The Paris Review. John McPhee interviewed on WPRB Princeton 103.3 FM's Discourse on YouTube
San Francisco Peninsula
The San Francisco Peninsula is a peninsula in the San Francisco Bay Area that separates San Francisco Bay from the Pacific Ocean. On its northern tip is the City and County of San Francisco, its southern base is in northern Santa Clara County, including the cities of Palo Alto, Mountain View, Los Altos. Most of the Peninsula is occupied by San Mateo County, between San Francisco and Santa Clara counties, including the cities and towns of Atherton, Brisbane, Colma, Daly City, East Palo Alto, El Granada, Foster City, Half Moon Bay, La Honda, Loma Mar, Los Altos, Menlo Park, Mountain View, Palo Alto, Portola Valley, Redwood City, San Bruno, San Carlos, San Mateo, South San Francisco and Woodside. Whereas the term peninsula technically refers to the entire geographical San Franciscan Peninsula, in local jargon, "The Peninsula" does not include the city of San Francisco. In 1795, Governor Diego de Borica gave José Darío Argüello a Spanish land grant known as Rancho de las Pulgas; this rancho was the largest grant on the peninsula consisting of 35,260 acres.
As a local geographic term, the area referred to as "The Peninsula" is distinct from that denoted by "The City", refers to the portion south of San Francisco. The appellation may date to the period, prior to 1856, when the City of San Francisco and the County of San Francisco were separate entities, the latter coextensive with contemporary San Mateo County and San Francisco City-County; the City-County owns several disjunct properties along the whole of the Peninsula. The remaining suburban area of the Peninsula is on the east side of the Santa Cruz Mountains, along San Francisco Bay. A substantial portion of Silicon Valley is located on the peninsula. In Silicon Valley are the headquarters of some of the largest tech companies in the world, such as Google, Yahoo and Apple. Over the last decade or so there has been an influx of immigration into the Bay Area from places like India and China to work in the technology industry. There are well over 6,600 tech startups in the Valley and new ones are created every day.
The east side of the peninsula is a densely populated and urban and suburban area that includes portions of Silicon Valley. It forms a commuter area between San Francisco to San Jose to the south. A number of major thoroughfares run north-south: El Camino Real and US 101 on the east side along the bay, Interstate 280 down the center, Skyline Boulevard along the crest of the Santa Cruz Mountains, SR 1 on the west along the Pacific, SR 85 which forms the southern end of the Peninsula; the Caltrain commuter rail line runs parallel to the El Camino Real and Highway 101 corridors. The bridges in the Peninsula include the Dumbarton Bridge, the San Francisco - Oakland Bay Bridge, the San Mateo-Hayward Bridge and the Golden Gate Bridge. Along the center line of the Peninsula is the northern half of the Santa Cruz Mountains, formed by the action of plate tectonics along the San Andreas Fault. In the middle of the Peninsula along the fault is the Crystal Springs Reservoir. Just north of the Crystal Springs reservoir is San Andreas Lake, after which the geologic fault was named.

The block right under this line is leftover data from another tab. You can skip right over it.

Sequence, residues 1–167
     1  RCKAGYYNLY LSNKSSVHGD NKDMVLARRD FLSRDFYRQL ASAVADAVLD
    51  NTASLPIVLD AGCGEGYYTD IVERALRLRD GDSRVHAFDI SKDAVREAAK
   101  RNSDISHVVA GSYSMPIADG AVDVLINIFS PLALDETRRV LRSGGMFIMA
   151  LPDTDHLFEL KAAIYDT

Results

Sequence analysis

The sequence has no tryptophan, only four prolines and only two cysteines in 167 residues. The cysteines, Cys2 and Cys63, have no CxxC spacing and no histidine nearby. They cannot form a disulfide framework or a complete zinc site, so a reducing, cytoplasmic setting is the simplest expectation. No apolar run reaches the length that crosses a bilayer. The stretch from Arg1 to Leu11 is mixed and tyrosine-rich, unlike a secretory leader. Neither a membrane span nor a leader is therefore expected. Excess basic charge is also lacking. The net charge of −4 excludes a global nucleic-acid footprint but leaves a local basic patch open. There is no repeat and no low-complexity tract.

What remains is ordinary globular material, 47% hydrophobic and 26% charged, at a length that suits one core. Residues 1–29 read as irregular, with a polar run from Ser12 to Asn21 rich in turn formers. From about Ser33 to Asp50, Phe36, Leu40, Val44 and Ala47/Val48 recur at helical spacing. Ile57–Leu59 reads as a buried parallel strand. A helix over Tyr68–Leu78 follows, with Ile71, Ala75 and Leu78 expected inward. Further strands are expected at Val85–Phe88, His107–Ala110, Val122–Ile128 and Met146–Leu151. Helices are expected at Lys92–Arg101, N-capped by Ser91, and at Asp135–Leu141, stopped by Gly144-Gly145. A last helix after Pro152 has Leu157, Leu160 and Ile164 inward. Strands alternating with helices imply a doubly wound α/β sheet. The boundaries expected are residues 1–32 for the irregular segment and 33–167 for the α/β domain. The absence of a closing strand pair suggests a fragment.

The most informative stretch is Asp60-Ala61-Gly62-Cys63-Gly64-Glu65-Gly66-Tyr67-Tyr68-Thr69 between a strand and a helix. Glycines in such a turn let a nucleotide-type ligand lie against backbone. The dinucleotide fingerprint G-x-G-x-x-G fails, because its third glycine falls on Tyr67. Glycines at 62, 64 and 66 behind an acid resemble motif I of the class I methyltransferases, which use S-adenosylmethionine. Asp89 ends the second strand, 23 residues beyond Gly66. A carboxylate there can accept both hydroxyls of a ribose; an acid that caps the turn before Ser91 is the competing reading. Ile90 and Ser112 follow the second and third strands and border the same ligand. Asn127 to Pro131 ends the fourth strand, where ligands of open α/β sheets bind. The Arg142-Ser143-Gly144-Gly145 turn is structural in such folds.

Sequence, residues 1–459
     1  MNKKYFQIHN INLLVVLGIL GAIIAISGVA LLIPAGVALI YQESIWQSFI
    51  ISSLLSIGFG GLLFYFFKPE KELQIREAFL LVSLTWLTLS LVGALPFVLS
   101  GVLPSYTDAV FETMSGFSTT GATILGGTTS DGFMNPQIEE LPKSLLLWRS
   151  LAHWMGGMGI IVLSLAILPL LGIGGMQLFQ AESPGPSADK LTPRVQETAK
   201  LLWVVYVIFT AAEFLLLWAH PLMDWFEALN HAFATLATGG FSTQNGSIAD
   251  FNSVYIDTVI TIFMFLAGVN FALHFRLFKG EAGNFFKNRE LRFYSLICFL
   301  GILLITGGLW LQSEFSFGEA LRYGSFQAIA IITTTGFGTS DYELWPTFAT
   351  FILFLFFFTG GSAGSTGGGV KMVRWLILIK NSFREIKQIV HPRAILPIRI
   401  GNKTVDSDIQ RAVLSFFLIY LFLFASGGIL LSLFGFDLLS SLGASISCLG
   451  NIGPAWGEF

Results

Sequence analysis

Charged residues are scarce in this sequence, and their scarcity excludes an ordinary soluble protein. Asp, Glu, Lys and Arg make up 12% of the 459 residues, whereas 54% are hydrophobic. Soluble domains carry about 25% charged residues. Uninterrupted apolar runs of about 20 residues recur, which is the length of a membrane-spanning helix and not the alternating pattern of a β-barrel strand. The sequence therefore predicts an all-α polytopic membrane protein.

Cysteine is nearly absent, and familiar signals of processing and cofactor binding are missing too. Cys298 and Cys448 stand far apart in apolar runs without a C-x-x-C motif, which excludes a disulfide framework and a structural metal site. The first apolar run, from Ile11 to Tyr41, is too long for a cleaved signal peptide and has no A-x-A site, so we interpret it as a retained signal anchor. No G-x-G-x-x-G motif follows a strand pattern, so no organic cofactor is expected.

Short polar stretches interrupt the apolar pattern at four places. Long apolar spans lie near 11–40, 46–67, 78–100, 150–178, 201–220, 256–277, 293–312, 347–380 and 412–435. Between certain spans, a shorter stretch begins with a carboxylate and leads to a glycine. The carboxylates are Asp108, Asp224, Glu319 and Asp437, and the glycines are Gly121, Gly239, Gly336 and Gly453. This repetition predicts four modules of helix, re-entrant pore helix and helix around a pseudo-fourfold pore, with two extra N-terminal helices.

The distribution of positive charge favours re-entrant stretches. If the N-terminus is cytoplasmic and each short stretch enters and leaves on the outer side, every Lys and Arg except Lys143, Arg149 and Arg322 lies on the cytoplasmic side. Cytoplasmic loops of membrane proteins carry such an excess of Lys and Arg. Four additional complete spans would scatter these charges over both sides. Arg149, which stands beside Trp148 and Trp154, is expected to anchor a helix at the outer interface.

The San Francisco Peninsula contains a variety of habitats including estuarine, oak woodland, redwood forest, coastal scrub and oak savanna. There are numerous species of wildlife present along the San Francisco Bay estuarine shoreline, San Bruno Mountain, Fitzgerald Marine Reserve and the forests on the Montara Mountain block; the county is home to several endangered species including the San Francisco garter snake, the Mission blue butterfly and the San Bruno elfin butterfly, all of which are endemic to San Mateo County. The endangered California clapper rail is found on the shores of San Francisco Bay, in the cities of Belmont and San Mateo. A number of noteworthy parks and nature preserves are found on the San Francisco Peninsula, including: Edgewood Park, San Mateo County Golden Gate National Recreation Area - several units are located on the Peninsula Midpeninsula Regional Open Space District - several preserves Sanborn Park, Santa Clara County There are a number of well-known structures and complexes on the San Francisco Peninsula: Landforms of the San Francisco Bay Area List of peninsulas Peninsulas of California
Geographic coordinate system